It is a novelty from just a few days ago that from now on only refugees from Syria, Iraq and Afghanistan (SIA) will be able to continue their way within the current corridor, while everyone else will automatically be rejected and returned to Croatia. These people (from non-SIA countries) could apply for international protection in Slovenia, but the police have radically limited the opportunities and space for providing information on international protection to representatives of organizations that are present on the ground, including the Office of the United Nations High Commissioner for Refugees (UNHCR). The instruction from the police was that people can be given information only upon arrival of the train at the railway station and before registration process in a reception centre in one tent.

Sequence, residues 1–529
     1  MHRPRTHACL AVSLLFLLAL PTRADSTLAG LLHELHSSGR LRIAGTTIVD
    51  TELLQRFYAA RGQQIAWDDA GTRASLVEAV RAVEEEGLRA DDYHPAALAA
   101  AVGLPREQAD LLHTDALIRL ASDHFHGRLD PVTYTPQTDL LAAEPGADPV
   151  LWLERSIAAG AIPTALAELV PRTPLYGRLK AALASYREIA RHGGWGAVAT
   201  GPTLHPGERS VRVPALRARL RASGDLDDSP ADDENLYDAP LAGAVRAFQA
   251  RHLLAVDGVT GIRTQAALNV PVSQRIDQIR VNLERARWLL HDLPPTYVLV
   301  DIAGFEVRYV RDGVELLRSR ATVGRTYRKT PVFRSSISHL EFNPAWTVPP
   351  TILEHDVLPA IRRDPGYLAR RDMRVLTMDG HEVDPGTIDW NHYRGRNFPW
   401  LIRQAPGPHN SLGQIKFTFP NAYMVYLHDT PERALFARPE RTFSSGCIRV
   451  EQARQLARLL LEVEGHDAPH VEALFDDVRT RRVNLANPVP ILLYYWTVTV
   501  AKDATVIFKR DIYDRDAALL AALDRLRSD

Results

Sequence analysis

How does this look like in practice?
At the train station, when a train arrives and the police immediately begins to direct people towards and onto the buses, information provision is practically not possible. In some minimal form, translators, if present (which is not always the case, while often there is only one translator for Arabic language available), can inform people through windows of the train wagons, but only a minority of people hear or register this information because they are packing their belongings, moving toward the door, following the group, and wish primarily to quickly move forward. There is no time or space for a discussion and actual information provision about their options, on the procedures, and on the international protection.